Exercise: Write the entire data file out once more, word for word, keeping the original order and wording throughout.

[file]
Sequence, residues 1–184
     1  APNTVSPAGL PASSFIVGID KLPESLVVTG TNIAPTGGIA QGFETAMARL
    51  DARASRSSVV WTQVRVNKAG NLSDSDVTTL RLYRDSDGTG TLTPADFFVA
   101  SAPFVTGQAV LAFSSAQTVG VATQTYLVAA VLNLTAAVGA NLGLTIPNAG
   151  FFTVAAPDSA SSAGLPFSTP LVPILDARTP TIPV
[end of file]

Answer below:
Sequence, residues 1–184
     1  APNTVSPAGL PASSFIVGID KLPESLVVTG TNIAPTGGIA QGFETAMARL
    51  DARASRSSVV WTQVRVNKAG NLSDSDVTTL RLYRDSDGTG TLTPADFFVA
   101  SAPFVTGQAV LAFSSAQTVG VATQTYLVAA VLNLTAAVGA NLGLTIPNAG
   151  FFTVAAPDSA SSAGLPFSTP LVPILDARTP TIPV